Special to The Explorer
Violinist Alexander Sitkovetsky performs Max Bruch's "Scottish Fantasy for Violin and Orchestra" with the Tucson Symphony Orchestra on Friday, Nov. 19 at 8 p.m. and Sunday, Nov. 21, at 2 p.m.
Both performances are at the Tucson Music Hall.
George Hanson, TSO music director and conductor, leads the Classic Series program "Tchaikovsky & Friends," which will also feature two of the most often requested works from the composer's repertoire, "Romeo and Juliet overture-fantasy" and "Capriccio italien."
Opening the program will be Pulitzer Prize-winner Jennifer Higdon's "blue cathedral," one of the most frequently performed new compositions of the past 10 years.
Young British violinist Alexander Sitkovetsky made his debut at the age of eight as a soloist with the chamber orchestra in Montpellier, France. That same year he was invited to become a pupil at the Yehudi Menuhin School.
The Scottish Fantasy is one of several signature pieces by Bruch still widely heard today, along with his first violin concerto. In paying homage to Scottish tradition, Bruch incorporated many ethnic folk tunes into his music, including several in the Scottish Fantasy.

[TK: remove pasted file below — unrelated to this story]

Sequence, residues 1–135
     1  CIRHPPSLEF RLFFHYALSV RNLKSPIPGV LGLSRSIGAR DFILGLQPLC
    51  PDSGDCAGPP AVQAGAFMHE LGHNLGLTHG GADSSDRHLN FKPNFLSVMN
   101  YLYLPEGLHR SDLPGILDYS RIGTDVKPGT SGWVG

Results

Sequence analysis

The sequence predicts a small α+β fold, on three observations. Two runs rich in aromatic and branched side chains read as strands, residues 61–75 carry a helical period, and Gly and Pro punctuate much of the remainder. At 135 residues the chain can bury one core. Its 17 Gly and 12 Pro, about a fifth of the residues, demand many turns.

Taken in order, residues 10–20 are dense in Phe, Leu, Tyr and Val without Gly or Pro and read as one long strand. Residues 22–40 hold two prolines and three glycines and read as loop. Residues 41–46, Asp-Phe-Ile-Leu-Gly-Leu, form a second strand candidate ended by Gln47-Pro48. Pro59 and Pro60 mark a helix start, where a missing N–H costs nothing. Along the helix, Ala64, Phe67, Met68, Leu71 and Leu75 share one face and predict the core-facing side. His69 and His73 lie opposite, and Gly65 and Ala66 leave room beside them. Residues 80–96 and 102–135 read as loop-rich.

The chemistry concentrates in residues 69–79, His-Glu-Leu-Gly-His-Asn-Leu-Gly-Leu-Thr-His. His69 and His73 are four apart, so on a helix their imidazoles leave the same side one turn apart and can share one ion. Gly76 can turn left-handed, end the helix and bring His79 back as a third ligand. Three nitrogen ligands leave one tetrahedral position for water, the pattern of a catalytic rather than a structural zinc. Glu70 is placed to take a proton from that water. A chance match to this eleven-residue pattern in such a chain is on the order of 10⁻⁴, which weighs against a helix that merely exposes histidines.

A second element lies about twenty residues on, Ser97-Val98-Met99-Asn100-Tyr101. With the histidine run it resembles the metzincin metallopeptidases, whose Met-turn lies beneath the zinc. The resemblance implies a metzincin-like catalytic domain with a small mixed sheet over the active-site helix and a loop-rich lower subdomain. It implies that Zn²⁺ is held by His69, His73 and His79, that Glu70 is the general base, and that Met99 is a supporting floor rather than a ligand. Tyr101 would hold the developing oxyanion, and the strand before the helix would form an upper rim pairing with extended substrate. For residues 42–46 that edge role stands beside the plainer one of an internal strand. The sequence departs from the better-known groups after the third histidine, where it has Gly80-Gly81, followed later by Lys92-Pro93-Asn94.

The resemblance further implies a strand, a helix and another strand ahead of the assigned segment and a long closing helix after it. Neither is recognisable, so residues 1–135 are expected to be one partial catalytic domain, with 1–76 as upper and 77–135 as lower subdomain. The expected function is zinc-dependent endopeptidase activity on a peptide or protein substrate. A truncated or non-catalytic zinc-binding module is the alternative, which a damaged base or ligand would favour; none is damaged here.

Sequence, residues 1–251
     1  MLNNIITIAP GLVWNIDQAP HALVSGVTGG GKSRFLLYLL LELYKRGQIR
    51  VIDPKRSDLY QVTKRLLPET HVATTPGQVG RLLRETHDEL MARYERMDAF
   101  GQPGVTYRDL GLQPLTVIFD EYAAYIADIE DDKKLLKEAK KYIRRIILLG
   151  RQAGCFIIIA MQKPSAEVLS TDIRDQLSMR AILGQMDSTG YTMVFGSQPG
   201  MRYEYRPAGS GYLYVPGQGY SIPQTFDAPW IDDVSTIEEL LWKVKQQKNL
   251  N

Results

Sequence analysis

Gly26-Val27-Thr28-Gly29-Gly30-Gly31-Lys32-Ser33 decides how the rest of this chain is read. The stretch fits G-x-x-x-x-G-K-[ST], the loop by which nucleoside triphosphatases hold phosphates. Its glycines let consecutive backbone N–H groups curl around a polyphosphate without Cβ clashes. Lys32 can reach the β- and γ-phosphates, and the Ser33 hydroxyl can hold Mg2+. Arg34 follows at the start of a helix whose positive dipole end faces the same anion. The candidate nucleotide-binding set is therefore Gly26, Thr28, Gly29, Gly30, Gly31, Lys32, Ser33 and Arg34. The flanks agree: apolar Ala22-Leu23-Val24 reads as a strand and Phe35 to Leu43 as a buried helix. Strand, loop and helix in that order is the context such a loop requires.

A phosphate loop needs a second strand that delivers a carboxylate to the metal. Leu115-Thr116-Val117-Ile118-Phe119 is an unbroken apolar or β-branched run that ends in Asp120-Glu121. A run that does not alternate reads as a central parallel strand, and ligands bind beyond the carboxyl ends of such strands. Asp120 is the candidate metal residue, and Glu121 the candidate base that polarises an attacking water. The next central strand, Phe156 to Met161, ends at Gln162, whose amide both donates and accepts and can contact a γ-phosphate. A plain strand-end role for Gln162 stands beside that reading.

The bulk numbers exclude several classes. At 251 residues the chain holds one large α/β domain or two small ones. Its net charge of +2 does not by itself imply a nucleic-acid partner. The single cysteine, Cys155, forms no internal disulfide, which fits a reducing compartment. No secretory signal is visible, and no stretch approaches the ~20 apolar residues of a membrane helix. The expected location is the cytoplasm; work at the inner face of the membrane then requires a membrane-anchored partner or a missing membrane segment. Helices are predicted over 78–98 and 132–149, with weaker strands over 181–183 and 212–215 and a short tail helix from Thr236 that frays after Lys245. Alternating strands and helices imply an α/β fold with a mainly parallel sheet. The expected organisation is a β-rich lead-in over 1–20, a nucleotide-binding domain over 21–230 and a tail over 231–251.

Tchaikovsky named his work inspired by Shakespeare's Romeo and Juliet an "overture-fantasy." It is what today would be called a symphonic poem in the form of a sonata. The music closely follows the Shakespearean plot and features a number of restatements of the "love theme" throughout, "but usually with a sense of foreboding," a release said.
"Capriccio italien" could be described as a "fantasy" of Tchaikovsky's impressions of Italy. It was inspired by some of the folk music he heard when he was treated to a three-month Roman holiday in the winter of 1879-'80.
Jennifer Higdon won the Pulitzer Prize for Music in 2010 for the violin concerto she composed for Hilary Hahn. When the Curtis Institute of Music commissioned Ms. Higdon to write a work to commemorate its 75th anniversary in 1999, the result was blue cathedral, inspired by the loss of the composer's younger brother.
"Blue … like the sky, where all possibilities soar. Cathedrals: a place of thought, growth, spiritual expression … serving as a symbolic doorway in to and out of this world," Higdon writes. "Blue represents all potential and the progression of journeys. Cathedrals represent a place of beginnings, endings, solitude, fellowship, contemplation, knowledge and growth."
The TSO November Classic Series program, Tchaikovsky & Friends, is sponsored by John E. Wahl and Mary Lou Forier. The media partner is Classical KUAT-FM, Arizona Public Media.
Tchaikovsky & Friends
Friday, Nov. 19 at 8 p.m. and Sunday, Nov. 21, at 2 p.m.
The Tucson Music Hall.
Tickets, starting at $20, are available online at www.tucsonsymphony.org, at the Tucson Symphony Orchestra Box Office located at 2175 N. Sixth Avenue, or by phone at 882-8585. TSO Box Office hours are Monday through Friday from 9 a.m. to 3 p.m.